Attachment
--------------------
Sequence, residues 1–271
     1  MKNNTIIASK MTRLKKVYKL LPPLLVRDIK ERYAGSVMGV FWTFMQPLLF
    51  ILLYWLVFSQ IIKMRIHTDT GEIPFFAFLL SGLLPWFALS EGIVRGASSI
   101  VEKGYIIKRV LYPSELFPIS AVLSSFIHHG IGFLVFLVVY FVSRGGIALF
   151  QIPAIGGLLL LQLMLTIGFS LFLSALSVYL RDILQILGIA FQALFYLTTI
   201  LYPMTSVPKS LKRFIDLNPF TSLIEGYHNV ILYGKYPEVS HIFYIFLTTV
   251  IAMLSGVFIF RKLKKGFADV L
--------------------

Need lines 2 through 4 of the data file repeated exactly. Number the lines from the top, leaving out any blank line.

     1  MKNNTIIASK MTRLKKVYKL LPPLLVRDIK ERYAGSVMGV FWTFMQPLLF
    51  ILLYWLVFSQ IIKMRIHTDT GEIPFFAFLL SGLLPWFALS EGIVRGASSI
   101  VEKGYIIKRV LYPSELFPIS AVLSSFIHHG IGFLVFLVVY FVSRGGIALF